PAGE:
Tahasildar’s petition claimed that the departmental inquiry initiated against him was in breach of guidelines issued by the CJI.
Mumbai: An inquiry against a judicial officer can be initiated without filing an affidavit and a written complaint, the Bombay high court has said.
The court turned down a petition by a civil judge (junior division) contending that submission of an affidavit and written complaint must precede an inquiry. A division bench of Justices R.M. Savant and S.V. Kotwal, on May 4, dismissed the petition by Asif Tahasildar, challenging a July 15, 2017, high court order, initiating departmental inquiry against him on two different charges.
The first charge was for Tahasildar’s alleged misuse of official position to cause wrongful gain for himself and loss to the state exchequer when he was a civil judge in Jalna district. The second charge was for Tahasildar allegedly assaulting a person and threatening to imprison him in a false case when he was a judge in Kolhapur.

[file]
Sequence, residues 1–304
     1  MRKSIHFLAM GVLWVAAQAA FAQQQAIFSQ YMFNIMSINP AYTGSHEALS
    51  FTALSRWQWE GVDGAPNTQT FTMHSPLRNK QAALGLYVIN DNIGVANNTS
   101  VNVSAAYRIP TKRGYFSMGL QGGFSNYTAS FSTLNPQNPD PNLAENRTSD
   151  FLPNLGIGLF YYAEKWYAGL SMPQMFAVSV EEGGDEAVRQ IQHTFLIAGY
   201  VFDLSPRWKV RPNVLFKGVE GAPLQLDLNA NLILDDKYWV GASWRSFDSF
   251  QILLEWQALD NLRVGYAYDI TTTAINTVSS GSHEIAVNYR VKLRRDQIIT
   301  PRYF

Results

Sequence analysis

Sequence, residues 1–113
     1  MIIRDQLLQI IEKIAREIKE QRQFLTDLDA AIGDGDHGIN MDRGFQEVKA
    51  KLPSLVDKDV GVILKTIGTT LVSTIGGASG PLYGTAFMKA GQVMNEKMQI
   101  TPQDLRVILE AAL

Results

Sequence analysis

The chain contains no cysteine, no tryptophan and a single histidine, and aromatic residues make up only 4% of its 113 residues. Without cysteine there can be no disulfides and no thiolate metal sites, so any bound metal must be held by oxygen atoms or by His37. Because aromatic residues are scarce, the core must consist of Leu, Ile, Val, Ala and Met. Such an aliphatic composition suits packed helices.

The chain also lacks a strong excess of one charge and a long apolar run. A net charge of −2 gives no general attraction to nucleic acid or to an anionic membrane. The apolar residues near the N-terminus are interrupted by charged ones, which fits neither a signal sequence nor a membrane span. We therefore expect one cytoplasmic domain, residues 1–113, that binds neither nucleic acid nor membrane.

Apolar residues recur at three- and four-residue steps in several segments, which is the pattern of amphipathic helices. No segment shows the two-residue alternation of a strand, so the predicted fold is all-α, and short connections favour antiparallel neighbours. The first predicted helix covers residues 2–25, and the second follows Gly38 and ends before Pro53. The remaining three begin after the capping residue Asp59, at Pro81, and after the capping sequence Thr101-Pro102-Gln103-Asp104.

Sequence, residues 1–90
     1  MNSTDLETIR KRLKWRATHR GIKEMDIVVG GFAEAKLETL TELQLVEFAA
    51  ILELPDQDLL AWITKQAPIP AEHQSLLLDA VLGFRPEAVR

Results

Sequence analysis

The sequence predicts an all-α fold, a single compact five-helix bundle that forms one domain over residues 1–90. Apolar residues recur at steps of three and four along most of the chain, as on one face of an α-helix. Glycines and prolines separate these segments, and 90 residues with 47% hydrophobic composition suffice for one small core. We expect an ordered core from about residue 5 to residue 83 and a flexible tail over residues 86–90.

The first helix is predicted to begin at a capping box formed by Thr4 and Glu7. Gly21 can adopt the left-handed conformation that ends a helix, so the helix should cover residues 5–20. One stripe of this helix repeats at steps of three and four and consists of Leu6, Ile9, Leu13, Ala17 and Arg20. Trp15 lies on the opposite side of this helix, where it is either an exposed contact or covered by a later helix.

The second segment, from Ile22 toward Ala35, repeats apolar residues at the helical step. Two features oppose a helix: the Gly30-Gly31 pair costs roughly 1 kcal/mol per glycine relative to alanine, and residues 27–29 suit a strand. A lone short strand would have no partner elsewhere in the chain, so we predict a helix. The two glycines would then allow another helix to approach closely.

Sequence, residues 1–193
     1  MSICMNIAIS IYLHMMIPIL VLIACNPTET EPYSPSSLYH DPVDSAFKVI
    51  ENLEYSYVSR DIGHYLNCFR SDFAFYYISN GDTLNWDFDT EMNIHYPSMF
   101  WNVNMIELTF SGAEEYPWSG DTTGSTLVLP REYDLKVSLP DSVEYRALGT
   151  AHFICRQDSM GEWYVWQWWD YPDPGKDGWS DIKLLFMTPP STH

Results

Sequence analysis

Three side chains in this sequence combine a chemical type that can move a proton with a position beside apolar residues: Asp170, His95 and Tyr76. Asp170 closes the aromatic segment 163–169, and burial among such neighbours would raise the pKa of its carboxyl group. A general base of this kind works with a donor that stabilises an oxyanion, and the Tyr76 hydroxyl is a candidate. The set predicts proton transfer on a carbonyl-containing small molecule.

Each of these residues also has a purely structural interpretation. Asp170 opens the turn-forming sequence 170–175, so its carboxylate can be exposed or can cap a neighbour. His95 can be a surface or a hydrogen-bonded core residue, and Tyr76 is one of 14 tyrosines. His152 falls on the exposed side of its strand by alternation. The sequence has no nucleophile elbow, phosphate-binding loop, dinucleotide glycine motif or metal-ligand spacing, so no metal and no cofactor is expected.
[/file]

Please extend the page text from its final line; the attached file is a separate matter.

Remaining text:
Tahasildar’s petition claimed that the departmental inquiry initiated against him was in breach of guidelines issued by the CJI, which mandated a written complaint accompanied by a duly sworn affidavit against a judicial officer before initiation of inquiry.
The bench observed that in both cases, before initiating the departmental inquiry proceedings, the principal judges of the courts concerned (Jalna and Kolhapur) had carried out discreet inquiry and had also taken the petitioner's reply into consideration.
The high court registrar passed the order initiating departmental inquiry only after receiving reports from the principal judges concerned, the court said.